Queensland health authorities are hoping a three-day lockdown will be enough after an unvaccinated COVID hospital ward receptionist was found to be infectious with the Delta strain.
The wide-ranging lockdown includes South East Queensland, Townsville city, Palm Island and Magnetic Island, given the 19-year-old hospital worker flew around the state during 10 days while she was infectious.
Optometry Qld/NT said the government had “not specified a requirement for optometry practices to close”.
“However, it is important for optometrists to remember that the intent of the lockdown is to limit movement and social interactions, and it remains at the member’s discretion if you choose to reschedule care,” the organisation stated.
“We remind optometrists to implement appropriate PPE and infection control in clinical practice.”
The COVID-19 outbreak linked to a Central Australian mine grew to 10, with two new cases diagnosed in the Northern Territory on 29 June.
The territory’s current lockdown is scheduled to expire at 1pm Friday 2 July, provided health authorities can rein in the outbreak.
“For the purposes of the directions allied health services provided by allied health professionals when providing critical clinical care are allowed during the lockdown. Routine care appointments should be rescheduled,” OA advised.
Critical clinical care is defined as:
- To prevent a significant change/deterioration in functional independence which would result in an escalation of care needs.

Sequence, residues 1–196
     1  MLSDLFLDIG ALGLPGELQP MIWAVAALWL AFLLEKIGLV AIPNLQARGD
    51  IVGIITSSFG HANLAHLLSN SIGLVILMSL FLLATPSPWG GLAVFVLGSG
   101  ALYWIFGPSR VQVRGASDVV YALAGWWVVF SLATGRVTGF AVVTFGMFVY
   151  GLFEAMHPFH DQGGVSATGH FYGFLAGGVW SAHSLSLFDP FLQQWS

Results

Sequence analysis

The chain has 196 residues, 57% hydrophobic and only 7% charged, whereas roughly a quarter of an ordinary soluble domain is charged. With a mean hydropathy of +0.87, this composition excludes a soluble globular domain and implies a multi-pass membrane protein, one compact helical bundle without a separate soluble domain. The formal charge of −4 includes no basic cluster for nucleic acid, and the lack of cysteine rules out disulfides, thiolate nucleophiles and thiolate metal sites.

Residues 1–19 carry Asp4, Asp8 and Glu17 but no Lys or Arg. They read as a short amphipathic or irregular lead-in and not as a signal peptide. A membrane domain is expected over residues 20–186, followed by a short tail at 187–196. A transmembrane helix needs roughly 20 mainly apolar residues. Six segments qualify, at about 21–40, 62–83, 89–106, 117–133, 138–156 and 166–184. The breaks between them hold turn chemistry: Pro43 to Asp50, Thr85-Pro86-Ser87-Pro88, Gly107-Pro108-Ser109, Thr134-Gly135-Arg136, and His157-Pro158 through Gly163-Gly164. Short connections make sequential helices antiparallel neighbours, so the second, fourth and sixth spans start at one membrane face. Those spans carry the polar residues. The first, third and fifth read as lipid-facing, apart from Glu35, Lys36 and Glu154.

- To provide assessment and diagnostic services to patients whose care have been delayed as a result of previous restrictions, with any further delay likely to result in deterioration in functional independence or adverse health outcomes (including access to diagnostic imaging services or assessment for prescription of assistive equipment and technology).
- To provide services that are essential as part of a broader plan of care with a medical practitioner.
- To provide services that are part of a conservative management plan to avoid or delay elective surgery (as agreed with treating team).
- To provide services immediately following elective surgery that prevent secondary complications or aid functional recovery (as agreed with treating team).
Standing down staff
OA advised employers may stand down employees – without pay – who cannot be usefully employed because of a stoppage of work for which the employer cannot reasonably be held responsible.
Before standing down employees, OA urged employers to consider available options including:
- Whether the employee can be usefully employed i.e. are there any suitable alternative working arrangements (e.g. working from home or telehealth).
- Can changes be made to duties, hours of work or rosters by agreement with the employee which would allow them to keep working.
- Can the employee access any paid or unpaid leave including:
- agreement to take accrued annual leave (including at half pay);
- taking personal leave if employee is ill or injured or caring for an immediate family or household member who is ill or injured;
- agreement to take any other paid leave (e.g. long service leave if available) or unpaid leave (e.g. unpaid pandemic leave under the award if applicable).